Some words make us cringe when we hear them. They can be the hurtful words of a friend or a family member spoken in a moment of frustration. They can be untrue accusations hurled by an enemy. They can be true words that are simply bitter medicine—a hard pill to swallow because of what they mean.
Perhaps the hardest phrase to swallow in scripture is what Jesus says at about the ninth hour—about 3 pm, after he has been hanging on the cross for quite some time. The words are so powerful that the Spirit chose to give them to us in two languages:
“Eli, eli, lema sabachthani?” And again, “My God, my God, why have you forsaken me?”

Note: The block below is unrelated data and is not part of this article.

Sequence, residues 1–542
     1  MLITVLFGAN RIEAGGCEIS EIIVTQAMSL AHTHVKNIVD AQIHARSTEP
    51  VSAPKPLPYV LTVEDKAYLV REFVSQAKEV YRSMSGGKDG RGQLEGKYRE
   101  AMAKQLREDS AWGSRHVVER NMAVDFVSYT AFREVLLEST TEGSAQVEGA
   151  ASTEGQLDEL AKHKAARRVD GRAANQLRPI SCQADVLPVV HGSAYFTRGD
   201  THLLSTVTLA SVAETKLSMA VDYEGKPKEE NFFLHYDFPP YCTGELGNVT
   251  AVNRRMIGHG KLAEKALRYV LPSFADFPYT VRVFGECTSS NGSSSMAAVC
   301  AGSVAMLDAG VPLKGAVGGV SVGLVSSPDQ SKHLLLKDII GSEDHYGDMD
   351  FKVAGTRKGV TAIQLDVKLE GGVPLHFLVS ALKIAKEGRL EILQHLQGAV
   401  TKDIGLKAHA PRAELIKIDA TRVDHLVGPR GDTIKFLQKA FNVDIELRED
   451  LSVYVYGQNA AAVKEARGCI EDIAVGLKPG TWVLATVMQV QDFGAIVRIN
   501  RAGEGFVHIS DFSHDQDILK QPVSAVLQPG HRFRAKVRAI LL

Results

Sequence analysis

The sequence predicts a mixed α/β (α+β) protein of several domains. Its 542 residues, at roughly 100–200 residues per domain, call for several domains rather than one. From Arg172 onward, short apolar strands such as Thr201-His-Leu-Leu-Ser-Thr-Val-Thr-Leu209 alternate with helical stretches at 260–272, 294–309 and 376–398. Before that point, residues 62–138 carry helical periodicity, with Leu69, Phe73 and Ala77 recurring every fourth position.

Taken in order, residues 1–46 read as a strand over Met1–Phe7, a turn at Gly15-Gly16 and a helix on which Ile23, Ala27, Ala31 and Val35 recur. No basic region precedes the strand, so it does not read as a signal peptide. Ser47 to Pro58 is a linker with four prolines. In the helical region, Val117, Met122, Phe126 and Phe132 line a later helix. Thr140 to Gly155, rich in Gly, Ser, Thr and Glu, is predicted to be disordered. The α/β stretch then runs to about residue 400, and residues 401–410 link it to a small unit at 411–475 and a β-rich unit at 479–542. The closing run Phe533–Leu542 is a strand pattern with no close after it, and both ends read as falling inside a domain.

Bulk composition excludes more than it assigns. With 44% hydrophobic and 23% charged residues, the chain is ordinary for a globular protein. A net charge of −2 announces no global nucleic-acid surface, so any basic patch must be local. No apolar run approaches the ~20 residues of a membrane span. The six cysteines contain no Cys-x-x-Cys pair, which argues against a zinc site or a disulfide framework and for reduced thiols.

Jesus is hanging on the cross as the time for celebrating Passover has come. Amos anticipates a time like this. “I will turn your feasts into mourning and all your songs into lamentation; I will bring sackcloth on every waist and baldness on every head; I will make it like the mourning for an only son and the end of it like a bitter day” (Amos 8:10).
Psalm 22, from which Jesus is quoting begins with a sense of desolation—exactly the feeling of the innocent man who is being executed for another man’s crime. The Psalm develops towards the view that vindication of the righteous is coming, but is not here yet. In this moment, the Father and the Son are separated by the sin that once separated me and God.
Maybe those painful words—and this excruciating moment—will help me see just how far God was willing to go to draw me back to his side.